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High-Salt Diet Ups Markers of Endothelial Dysfunction

Last Updated: June 18, 2012.

 

For those with high levels of biomarkers, high-sodium diet correlates with increased risk of HTN

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A high-sodium diet is associated with markers of endothelial dysfunction (serum uric acid and urine albumin excretion), and increased sodium intake in those with high levels of biomarkers correlates with an increased risk of hypertension, according to a study published online June 18 in Circulation.

MONDAY, June 18 (HealthDay News) -- A high-sodium diet is associated with markers of endothelial dysfunction (serum uric acid [SUA] and urine albumin excretion [UAE]), and increased sodium intake in those with high levels of biomarkers correlates with an increased risk of hypertension, according to a study published online June 18 in Circulation.

John P. Forman, M.D., from Harvard Medical School in Boston, and colleagues analyzed the association between sodium intake and the incidence of hypertension in 5,556 individuals in the Netherlands without hypertension. In addition, the correlations between sodium intake and the change in SUA and UAE were assessed in 4,062 and 4,146 participants, respectively, from the Prevention of Renal and Vascular End Stage Disease study, who were not taking antihypertensive agents.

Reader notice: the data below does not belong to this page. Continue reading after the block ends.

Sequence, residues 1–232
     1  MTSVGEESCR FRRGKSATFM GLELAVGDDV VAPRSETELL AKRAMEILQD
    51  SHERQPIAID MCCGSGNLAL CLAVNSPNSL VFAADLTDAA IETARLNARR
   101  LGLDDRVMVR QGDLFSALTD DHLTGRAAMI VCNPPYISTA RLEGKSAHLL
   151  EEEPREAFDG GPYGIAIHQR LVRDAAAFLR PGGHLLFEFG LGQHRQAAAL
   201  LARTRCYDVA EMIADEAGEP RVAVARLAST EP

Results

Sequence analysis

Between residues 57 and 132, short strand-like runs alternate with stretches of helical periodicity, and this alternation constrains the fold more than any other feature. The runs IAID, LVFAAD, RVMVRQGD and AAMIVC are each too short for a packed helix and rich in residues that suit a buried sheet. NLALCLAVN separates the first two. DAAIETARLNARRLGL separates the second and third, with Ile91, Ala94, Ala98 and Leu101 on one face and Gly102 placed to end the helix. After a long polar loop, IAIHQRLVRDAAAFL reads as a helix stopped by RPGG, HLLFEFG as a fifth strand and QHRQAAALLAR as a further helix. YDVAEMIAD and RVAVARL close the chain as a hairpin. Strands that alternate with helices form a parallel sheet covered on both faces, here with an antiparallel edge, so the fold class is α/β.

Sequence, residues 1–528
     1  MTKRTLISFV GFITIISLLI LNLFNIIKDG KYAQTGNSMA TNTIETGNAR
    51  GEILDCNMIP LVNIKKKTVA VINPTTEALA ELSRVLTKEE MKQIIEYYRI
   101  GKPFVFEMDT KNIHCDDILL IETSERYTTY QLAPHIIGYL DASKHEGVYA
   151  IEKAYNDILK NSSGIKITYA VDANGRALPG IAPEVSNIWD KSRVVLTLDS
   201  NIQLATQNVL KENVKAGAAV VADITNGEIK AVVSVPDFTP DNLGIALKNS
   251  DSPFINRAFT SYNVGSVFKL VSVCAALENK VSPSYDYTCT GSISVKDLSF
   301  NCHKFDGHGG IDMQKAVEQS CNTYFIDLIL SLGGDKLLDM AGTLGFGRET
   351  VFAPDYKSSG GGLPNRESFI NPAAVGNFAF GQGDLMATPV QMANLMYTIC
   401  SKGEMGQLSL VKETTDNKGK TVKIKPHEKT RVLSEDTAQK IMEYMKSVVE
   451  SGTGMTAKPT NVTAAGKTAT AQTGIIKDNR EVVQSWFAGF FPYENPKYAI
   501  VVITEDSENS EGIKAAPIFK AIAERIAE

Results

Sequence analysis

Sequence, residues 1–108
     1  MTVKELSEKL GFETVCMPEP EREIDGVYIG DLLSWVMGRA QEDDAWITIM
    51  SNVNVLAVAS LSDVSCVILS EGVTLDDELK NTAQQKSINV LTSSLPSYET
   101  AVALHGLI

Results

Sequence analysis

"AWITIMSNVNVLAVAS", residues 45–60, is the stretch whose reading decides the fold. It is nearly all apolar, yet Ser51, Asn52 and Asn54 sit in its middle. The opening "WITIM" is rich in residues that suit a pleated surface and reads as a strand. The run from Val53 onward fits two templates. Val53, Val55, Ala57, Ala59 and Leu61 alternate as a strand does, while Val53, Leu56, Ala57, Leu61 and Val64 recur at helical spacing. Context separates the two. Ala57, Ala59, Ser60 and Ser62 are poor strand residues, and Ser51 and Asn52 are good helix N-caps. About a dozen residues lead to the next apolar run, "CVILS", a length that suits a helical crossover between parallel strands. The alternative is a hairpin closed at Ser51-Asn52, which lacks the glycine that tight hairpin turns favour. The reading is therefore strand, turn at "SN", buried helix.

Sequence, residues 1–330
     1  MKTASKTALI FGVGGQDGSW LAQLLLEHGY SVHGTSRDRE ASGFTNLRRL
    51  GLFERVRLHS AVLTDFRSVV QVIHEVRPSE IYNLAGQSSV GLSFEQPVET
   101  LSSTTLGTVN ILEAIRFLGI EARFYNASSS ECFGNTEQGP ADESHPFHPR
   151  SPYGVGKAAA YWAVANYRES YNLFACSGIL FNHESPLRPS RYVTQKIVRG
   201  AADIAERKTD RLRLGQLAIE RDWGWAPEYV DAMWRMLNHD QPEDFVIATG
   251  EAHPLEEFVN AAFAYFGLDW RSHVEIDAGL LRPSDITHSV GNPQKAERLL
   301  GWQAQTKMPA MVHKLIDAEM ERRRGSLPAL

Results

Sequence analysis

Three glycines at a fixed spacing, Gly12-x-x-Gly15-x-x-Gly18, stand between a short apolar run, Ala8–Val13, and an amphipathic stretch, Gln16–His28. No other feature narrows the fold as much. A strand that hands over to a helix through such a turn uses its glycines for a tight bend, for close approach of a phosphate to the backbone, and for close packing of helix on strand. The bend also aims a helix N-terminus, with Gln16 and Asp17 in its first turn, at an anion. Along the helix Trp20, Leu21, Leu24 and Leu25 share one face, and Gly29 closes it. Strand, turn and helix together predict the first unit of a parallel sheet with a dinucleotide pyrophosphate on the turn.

During a median follow-up of 6.4 years, the researchers recorded 878 new diagnoses of hypertension. After adjusting for confounding factors, there was a 1.2-µmol/L increase in SUA and a 4.6-mg/d increase in UAE with each 1-g increase in sodium intake. The association between sodium intake and incident hypertension varied with SUA and UAE levels. For each 1-g increase in sodium intake, the adjusted hazard ratio for developing hypertension was 1.09 for those whose SUA levels were in the highest tertile and 1.18 for those whose UAE was greater than 15 mg/day.

"Taken together, these results show that a high-sodium diet over the long term may lead to endothelial dysfunction and vascular damage, generating a biological state in which continuance of the high-sodium diet may produce hypertension (a sodium amplification loop)," Forman and colleagues conclude.

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